Catching Memories Through The Lens

The Two Major Distractions Stopping You From Becoming a Great Photographer – Fstoppers

We all want to improve our photography and get recognition for our work. However, there are two big distractions that we need to push aside to achieve success in our art. The first obstacle is the largest. Usually hailed as the key to photographic success, it has more disadvantages than helpful attributes.

When I first set up my photography business, I went on courses where the trainers insisted that getting a good Instagram following was important for enterprises to succeed. That might be good advice for businesses wanting to promote themselves. But is it good advice for photographers needing to improve their skills?

Most established photographers will advise you not to ask friends or relatives for feedback because they won’t want to offend you. The same applies to Instagram followers. There are some exceptions, but most people in this world are friendly, and they click to like a photo and praise the photographer no matter how good or bad it is. Moreover, most followers don’t even have the skills to see simple mistakes, like a wonky horizon or an oversaturated development. This praise gives the photographer a false sense of how skilled they are. I’ve encountered a few photography business start-ups that have failed because the photographers have had an over-inflated idea of their skills. Consequently, their reputations were quickly ruined.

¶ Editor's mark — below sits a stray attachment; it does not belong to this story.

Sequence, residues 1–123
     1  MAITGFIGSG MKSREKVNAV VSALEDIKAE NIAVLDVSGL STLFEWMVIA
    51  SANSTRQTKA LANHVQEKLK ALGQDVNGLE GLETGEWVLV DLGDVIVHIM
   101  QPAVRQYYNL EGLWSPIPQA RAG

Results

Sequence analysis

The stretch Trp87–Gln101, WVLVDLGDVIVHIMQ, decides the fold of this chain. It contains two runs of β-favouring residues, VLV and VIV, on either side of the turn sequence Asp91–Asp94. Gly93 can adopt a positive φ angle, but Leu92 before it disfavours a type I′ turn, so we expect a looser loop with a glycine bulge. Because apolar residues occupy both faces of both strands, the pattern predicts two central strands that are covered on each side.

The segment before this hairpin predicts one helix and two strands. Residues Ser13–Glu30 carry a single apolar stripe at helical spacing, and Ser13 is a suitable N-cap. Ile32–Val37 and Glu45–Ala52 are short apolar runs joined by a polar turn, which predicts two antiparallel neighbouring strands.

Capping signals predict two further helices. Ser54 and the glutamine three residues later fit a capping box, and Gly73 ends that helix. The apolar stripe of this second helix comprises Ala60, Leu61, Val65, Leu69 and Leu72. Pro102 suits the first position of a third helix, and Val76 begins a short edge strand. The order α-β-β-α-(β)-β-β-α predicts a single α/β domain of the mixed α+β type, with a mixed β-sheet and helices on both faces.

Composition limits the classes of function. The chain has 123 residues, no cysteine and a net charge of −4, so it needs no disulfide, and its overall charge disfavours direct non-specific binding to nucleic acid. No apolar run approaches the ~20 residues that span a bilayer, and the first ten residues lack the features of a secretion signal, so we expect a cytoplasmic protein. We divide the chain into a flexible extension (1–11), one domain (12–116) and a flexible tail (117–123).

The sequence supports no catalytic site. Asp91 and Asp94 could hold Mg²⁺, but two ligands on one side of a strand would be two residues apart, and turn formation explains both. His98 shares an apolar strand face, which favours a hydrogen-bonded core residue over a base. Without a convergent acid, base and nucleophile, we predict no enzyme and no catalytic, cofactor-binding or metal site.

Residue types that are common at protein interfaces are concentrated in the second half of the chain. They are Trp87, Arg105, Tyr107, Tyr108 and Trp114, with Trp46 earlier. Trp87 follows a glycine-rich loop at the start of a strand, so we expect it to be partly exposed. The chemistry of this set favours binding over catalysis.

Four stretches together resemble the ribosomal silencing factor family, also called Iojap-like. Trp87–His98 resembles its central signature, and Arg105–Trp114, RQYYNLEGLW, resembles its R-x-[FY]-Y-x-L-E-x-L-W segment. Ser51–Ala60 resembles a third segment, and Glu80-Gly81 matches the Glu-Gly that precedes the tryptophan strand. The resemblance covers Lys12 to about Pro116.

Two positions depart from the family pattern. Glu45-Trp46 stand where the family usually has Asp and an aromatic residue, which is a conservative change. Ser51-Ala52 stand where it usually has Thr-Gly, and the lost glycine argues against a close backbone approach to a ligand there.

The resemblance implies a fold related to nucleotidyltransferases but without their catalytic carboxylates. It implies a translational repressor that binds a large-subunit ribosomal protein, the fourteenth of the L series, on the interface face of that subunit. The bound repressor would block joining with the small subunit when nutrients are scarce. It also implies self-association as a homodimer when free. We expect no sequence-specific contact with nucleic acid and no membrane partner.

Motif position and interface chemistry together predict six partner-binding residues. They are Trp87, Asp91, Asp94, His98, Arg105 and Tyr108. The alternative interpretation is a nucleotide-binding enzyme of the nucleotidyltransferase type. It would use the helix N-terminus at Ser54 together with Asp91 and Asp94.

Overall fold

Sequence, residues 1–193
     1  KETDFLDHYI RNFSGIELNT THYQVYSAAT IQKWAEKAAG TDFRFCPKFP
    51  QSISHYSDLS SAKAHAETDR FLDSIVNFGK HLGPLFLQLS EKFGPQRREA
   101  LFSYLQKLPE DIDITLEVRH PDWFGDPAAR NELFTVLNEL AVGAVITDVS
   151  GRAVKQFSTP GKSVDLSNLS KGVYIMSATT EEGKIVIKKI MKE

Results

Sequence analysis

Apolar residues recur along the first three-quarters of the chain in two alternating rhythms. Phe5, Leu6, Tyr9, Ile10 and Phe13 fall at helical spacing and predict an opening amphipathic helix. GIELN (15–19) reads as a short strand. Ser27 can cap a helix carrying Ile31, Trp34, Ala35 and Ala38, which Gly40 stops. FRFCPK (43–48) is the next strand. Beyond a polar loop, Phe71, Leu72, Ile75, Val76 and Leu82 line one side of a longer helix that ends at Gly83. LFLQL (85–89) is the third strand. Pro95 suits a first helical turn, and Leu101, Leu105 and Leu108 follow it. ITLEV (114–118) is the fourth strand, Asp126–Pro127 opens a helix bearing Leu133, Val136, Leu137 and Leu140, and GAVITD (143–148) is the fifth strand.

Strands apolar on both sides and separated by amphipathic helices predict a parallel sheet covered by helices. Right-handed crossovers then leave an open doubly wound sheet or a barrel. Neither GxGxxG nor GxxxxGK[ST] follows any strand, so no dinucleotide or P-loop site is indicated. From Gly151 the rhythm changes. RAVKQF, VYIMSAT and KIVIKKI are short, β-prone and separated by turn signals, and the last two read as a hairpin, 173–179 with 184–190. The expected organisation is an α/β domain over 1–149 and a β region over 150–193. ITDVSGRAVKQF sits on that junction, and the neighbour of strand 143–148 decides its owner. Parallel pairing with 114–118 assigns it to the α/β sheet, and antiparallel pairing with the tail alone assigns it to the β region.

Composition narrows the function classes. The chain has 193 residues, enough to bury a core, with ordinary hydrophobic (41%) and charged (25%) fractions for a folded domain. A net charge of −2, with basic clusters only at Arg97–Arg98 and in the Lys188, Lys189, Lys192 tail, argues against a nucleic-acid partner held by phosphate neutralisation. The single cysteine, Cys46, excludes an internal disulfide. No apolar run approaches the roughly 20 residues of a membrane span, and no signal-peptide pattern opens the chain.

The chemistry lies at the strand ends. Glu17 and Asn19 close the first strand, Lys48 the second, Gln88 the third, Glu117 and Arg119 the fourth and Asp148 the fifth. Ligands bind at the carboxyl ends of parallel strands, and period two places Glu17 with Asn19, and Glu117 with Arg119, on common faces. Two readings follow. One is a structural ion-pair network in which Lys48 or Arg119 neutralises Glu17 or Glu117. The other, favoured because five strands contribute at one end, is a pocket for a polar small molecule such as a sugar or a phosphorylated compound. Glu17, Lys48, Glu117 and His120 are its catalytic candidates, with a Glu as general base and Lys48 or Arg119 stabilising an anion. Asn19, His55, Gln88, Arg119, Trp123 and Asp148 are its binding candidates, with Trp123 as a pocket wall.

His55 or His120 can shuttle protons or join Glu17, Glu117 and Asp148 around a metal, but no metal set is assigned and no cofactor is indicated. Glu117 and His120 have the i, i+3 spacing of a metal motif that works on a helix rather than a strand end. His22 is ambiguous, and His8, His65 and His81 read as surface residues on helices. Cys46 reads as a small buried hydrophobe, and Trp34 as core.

It seems like that getting a big following is, for many, that is the be-all and end-all of photography. But I argue that is the wrong way around. Getting more followers on whatever platform they choose to use should be a result of success. Working on getting lots of followers by any method means that one has a lot of followers, nothing more than that. It doesn’t automatically equate to being a fabulous photographer.

Since as far back as 2007, numerous research papers have shown that the primary desire of preteens is to be famous. Before that time, youngsters considered acceptance as part of a group most important. Previously, fame was a long way down the list. Fifteen years later, those hungry for celebrity status are now adults, and that deeply-embedded idea of fame still drives their ambitions. So, they seek a big following on Instagram, Twitter, and so forth to meet that fickle need. Whenever there is a demand, businesses will create a supply to fulfill it. Consequently, big social media platforms have delivered fame. But it is shallow and meaningless, and those that crave recognition are just being played for fools.

Followers and likes have become a kind of currency. People crave people clicking on those little hearts and follow buttons. It is like winning a reward when it happens. Of course, Meta knows this, and their algorithms work, so the more one posts, the wider the picture’s visibility will be and the more “likes” we get. But, apart from the short-lived endorphin kick, it lacks any real value. Those posted photos are quickly forgotten, lost in a sea of inane drivel. Furthermore, being followed by those who waste their days scrolling through their IG feed is worthless.

The social media owners want you to yearn for a big following because they know it will bring in revenue from advertising. They want your viewers to click on ads they see while viewing your images. So successful were they at promoting the idea that having more followers was all-important that it led to the ridiculous business of people buying an audience. That is perverse. Once was a time when audiences would pay to see art.